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Saturday, February 2, 2008

Creating Preservation-Ready Web Resources

Preservation is an on-going challenge for digital libraries, but even
more so for the World Wide Web. While archivists may understand web
sites, webmasters typically know little about preservation models,
metadata, and methods. From the webmaster's point of view, the ideal
solution would be a tool installed on the web server which manages
itself, and which automatically provides the "extra information"
(i.e., metadata) that the archiving site needs to prepare the website
for preservation, and which does not impact the normal operation of
the web server. We propose a simple model for such everyday web sites
which takes advantage of the web server itself to help prepare the
site's resources for preservation. This is accomplished by having
metadata utilities analyze the resource at the time of dissemination.
The web server responds to the archiving repository crawler by
sending both the resource and the just-in-time generated metadata as
a straight-forward XML-formatted response. We call this complex object
(resource + metadata) a CRATE. In this paper we discuss mod_oai, the
web server module we developed to support this approach, and we
describe the process of harvesting preservation-ready resources using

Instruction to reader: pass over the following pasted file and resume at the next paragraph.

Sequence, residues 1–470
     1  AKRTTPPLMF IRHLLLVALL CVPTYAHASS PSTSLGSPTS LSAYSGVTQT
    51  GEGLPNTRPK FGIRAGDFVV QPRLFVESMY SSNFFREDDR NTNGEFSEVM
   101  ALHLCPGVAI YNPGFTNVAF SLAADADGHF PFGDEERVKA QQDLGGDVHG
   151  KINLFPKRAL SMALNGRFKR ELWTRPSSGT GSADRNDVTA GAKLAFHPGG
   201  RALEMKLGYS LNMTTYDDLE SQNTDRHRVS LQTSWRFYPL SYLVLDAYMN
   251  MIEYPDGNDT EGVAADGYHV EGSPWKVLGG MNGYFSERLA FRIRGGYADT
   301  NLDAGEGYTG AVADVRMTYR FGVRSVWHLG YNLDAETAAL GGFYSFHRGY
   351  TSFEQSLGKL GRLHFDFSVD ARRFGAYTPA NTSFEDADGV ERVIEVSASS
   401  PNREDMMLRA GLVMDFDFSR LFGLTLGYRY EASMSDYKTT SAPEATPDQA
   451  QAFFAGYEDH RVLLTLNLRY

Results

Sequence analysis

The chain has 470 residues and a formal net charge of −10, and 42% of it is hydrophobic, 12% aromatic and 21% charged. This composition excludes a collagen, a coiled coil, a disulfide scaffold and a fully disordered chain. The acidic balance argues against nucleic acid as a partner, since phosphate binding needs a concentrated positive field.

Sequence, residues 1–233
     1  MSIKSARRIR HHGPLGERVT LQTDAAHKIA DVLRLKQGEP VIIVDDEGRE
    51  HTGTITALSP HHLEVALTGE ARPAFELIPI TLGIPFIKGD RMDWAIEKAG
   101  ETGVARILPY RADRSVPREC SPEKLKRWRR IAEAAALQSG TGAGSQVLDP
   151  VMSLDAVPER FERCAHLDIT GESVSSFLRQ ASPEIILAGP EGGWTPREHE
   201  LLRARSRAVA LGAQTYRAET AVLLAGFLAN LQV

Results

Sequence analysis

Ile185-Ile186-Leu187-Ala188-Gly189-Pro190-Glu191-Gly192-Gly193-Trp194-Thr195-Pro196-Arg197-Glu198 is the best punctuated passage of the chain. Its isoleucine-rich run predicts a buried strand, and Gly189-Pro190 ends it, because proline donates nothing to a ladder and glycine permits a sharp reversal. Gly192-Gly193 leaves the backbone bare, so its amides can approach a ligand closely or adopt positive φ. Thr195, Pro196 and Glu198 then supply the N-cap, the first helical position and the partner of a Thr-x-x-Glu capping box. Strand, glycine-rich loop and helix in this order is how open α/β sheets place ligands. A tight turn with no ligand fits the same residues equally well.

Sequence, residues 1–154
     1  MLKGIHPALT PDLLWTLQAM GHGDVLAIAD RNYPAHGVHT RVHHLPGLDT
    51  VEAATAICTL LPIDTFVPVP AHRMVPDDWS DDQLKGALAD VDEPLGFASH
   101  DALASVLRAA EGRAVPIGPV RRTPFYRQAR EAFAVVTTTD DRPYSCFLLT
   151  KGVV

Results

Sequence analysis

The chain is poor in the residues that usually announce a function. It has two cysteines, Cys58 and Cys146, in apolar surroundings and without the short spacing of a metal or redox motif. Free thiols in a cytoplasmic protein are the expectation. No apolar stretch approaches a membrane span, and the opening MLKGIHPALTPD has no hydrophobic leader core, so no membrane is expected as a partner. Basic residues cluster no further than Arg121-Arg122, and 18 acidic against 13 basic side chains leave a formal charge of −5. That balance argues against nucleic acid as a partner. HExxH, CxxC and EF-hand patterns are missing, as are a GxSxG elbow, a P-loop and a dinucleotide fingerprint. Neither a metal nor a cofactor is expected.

this technique... How can metadata be derived for web resources? Several
tools have been developed in recent years that can be used to analyze
a web resource. The limitations of MIME typing as currently implemented
by web servers has led to projects like the Global Digital Format
Registry (GDFR) and Pronom's DROID tool, which provide a deeper
introspection of the resource's format. Once the format type is known
and described, additional utilities can extract information like
keywords and subject matter, or derive an abstract from text content.
JHOVE, which arose from Harvard's JSTOR project, can identify, validate
and characterize a number of file types including images (JPEG, GIF,
PNG, etc.), text (HTML, XML), and PDF documents... A CRATE consists
entirely of XML-formatted, plain ASCII (human-readable) content. The
concept calls for the disseminating web server to preprocess the
resources it serves up by using metadata-generation utilities and to
serialize this information together with the Base64-encoded resource
in a simple XML-formatted complex object response, using the Apache
mod_oai web server module. [As to the] content-length of the full
response, XML files can grow very large, particularly where images
are concerned; there are several mechanisms for dealing with this issue.

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